There have been many reports, newspaper articles, books, etc. written about the disaster that occurred at Egg Island Lighthouse station November 2nd, 1948 – none of which tell the true story. A few of the newspaper reporters of that time interviewed my father, many more got their stories second, third and fourth hand. None of the authors of the books written since have ever interviewed or talked directly to my father, Robert Laurence Wilkins, my mother, Ada Marie Wilkins or myself, Dennis Edward Wilkins. I mention the names in full to finally get the characters of the story straight.
Many of the stories in print are, in themselves, very interesting and intriguing – lacking only in the fact that that is not what or how it all happened. The fault may not lie with the various authors; the Government of Canada did much to avoid the truth from being heard then and later. Now that both my mother and father are dead, and most of the other players in the story are long since past, I feel reasonably safe in documenting the story. The purpose of this record is primarily for my family and friends, who have always shown a greater fascination for the story than myself (perhaps since I was there). Secondly, there may be the odd other person who has heard the story before and would appreciate knowing just what really happened that day.
To start the story, some background is required to set the scene. I will start just before the move to Egg Island early in 1948. Continue reading →
The full content of this pictograph is available here on Franke James website. Please read it, send a letter, even if you live outside Canada, to let the Canadian Prime Minister know that what he is doing is WRONG!
This story is not only about schooling! This is the whole family helping out to run the lighthouse while tending to daily living. Life on the lighthouse in the early days was anything but fun! – retlkpr
- Elizabeth Kate (Stannard) Smithman (Wife of Henry Herbert Smithman who was Senior Keeper at Sisters Island 1927 – 1929)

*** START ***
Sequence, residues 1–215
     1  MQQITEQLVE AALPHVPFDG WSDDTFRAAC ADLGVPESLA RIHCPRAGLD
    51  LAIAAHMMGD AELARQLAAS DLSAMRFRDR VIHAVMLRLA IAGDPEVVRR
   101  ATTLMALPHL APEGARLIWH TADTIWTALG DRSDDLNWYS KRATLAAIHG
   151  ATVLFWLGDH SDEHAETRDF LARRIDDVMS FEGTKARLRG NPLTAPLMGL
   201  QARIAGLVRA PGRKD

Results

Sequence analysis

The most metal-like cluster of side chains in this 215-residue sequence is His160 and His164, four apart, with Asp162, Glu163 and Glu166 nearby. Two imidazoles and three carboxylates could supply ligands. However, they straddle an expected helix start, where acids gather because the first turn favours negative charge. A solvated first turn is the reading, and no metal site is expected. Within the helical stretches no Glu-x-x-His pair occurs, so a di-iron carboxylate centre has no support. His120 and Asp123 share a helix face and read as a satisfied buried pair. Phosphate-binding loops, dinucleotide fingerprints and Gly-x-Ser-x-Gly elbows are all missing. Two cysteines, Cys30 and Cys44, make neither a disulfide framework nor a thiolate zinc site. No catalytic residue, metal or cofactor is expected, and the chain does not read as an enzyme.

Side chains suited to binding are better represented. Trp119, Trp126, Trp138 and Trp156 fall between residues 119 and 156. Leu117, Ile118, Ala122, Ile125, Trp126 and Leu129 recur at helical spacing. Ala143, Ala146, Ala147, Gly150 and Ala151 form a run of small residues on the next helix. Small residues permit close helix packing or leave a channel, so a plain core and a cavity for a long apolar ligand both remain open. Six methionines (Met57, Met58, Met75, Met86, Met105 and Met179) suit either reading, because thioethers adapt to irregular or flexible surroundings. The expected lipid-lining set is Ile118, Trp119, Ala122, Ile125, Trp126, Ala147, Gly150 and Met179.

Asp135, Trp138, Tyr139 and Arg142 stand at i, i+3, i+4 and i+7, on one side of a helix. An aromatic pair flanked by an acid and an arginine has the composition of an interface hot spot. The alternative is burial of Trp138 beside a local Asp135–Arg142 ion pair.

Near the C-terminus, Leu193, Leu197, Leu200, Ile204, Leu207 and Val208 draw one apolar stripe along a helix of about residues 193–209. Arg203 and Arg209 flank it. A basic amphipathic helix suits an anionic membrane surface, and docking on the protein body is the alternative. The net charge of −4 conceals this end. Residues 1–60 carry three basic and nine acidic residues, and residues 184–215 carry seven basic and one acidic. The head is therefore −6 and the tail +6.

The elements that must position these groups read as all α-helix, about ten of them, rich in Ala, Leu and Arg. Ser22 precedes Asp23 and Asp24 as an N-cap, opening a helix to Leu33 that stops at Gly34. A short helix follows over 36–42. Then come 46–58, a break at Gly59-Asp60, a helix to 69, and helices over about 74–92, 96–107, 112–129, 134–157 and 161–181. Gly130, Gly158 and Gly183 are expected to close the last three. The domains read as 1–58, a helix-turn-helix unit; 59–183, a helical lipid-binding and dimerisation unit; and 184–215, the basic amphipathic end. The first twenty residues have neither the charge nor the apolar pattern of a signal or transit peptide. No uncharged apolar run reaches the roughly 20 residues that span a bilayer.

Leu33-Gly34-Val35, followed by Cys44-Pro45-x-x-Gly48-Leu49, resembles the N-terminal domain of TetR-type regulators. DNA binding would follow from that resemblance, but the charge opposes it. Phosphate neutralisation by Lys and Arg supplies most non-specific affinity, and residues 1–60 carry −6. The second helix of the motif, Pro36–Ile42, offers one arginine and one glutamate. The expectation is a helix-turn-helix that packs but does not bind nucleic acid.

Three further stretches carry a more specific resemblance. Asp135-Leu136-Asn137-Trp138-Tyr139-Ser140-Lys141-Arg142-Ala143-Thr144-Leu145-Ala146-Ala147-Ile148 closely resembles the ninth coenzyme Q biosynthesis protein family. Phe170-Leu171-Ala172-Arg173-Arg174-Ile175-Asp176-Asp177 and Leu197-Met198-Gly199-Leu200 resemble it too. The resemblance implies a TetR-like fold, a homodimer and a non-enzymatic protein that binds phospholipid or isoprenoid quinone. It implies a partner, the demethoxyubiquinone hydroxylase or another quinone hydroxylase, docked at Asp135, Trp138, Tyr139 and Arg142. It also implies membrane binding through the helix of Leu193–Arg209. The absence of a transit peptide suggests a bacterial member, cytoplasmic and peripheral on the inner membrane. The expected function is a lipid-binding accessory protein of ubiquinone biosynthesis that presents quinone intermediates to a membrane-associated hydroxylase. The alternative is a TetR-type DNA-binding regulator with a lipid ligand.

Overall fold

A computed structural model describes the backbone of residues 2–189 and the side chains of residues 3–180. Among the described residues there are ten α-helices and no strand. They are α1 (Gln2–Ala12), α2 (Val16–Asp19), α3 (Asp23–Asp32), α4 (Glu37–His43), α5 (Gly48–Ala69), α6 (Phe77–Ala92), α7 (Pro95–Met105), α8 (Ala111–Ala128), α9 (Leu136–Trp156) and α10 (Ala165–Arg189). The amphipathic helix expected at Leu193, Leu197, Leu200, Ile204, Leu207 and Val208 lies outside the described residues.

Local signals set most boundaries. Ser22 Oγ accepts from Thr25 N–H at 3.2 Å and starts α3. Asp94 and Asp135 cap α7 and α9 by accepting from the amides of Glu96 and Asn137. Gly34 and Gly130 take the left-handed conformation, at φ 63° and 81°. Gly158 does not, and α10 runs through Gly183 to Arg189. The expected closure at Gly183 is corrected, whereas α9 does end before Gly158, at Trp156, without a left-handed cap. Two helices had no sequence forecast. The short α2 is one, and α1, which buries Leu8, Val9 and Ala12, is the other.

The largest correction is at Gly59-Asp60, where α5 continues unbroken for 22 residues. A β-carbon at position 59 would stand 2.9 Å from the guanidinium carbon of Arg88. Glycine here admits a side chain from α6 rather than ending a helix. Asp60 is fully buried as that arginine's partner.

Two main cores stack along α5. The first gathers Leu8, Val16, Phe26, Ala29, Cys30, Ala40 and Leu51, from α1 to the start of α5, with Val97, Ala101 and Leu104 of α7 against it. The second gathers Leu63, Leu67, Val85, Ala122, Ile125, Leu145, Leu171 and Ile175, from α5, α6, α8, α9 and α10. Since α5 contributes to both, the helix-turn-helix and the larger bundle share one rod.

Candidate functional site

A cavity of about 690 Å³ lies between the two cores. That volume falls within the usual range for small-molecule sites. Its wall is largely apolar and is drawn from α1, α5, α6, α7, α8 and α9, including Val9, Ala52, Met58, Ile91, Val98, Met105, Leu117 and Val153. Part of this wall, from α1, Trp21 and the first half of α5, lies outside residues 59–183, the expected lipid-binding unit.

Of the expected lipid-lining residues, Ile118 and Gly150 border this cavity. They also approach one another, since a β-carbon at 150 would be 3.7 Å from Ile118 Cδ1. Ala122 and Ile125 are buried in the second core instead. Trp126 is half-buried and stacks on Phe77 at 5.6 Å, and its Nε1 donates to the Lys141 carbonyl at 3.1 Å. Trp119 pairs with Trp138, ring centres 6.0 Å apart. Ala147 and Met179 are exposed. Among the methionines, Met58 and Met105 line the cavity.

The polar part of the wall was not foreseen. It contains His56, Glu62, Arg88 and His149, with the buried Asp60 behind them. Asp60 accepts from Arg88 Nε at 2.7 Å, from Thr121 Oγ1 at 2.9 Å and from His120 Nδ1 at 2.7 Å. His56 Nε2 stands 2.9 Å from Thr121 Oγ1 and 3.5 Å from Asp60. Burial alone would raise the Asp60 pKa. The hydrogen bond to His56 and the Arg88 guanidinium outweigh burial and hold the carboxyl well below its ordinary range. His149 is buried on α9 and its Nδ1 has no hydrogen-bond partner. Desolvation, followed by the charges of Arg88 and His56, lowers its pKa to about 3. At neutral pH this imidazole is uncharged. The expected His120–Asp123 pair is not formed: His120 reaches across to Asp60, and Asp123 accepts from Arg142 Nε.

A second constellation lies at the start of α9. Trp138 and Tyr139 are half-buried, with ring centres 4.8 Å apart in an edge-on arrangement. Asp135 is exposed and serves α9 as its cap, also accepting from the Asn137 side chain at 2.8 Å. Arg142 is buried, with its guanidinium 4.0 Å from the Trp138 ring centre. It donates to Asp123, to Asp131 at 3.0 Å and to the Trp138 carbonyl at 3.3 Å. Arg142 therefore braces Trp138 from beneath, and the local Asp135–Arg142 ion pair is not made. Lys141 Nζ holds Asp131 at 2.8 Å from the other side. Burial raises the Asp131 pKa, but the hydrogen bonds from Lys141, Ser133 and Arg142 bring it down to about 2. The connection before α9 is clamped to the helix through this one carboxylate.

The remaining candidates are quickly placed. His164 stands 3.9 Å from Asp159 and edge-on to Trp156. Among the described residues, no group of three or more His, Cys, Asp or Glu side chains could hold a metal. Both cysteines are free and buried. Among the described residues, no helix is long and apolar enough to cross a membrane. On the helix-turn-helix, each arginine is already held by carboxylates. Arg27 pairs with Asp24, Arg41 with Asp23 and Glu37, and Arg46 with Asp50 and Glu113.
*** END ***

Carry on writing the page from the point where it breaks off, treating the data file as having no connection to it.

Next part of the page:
Children get their schooling by correspondence courses and lessons are supposed to be sent to Victoria every month if its possible. The parents have to be the teacher. I took on that job for we had to have a plan so all of us could get a certain amount of sleep.
We would work it like this: Bert would go to bed right after supper after he lit the light. I would call him about 2:30 or 3:00 a.m. and he would get up and watch from then ’till the light could be put out at daylight. Continue reading →
I lived thirty-two years on the lighthouses bordering on the Pacific Ocean. As a lighthouse keeper, I was also aware of the ocean as a living habitat that should be protected. We voluntarily reported oil spills, garbage, etc. For me it was a beautiful place, but I saw what man could do to the oceans in just a short period.
One prime example which I will never forget was back in the 1970s when I was at Quatsino lighthouse (aka Kains Island) where a mining firm near Port Alice was given government permission to dump mine tailings five (5) kilometers off the coast.
If the weather was bad, they only went as far as the entrance to the sound, maybe one (1) kilometer, and dumped their barge-load of rock garbage.
My crystal clear fishing water around the lighthouse turned from 40 foot visibility to a murky brown colour with a visibility of about one (1) foot because of the tailings.
The oceans are not a garbage dump! Please watch Chris Jordan’s trailer video below and then read the news articles.
The Robert C. Seamans, a tall ship owned and operated by Sea Education Association (SEA) will leave port October 3, 2012, on a research expedition. The journey is dedicated to examining the effects of plastic marine debris in the ocean ecosystem, including debris generated by the 2011 Japanese tsunami.
October 02, 2012 – Plastics at sea – North Pacific Expedition
An area of plastic debris was first observed in the North Atlantic Ocean in the early 1970s, but in recent years, a similar area of plastic debris in the Pacific Ocean has received the most media attention. Sea Education Association (SEA) has been studying both debris fields – in the North Atlantic for the past 25 years, and in the North Pacific the past eight. Click here…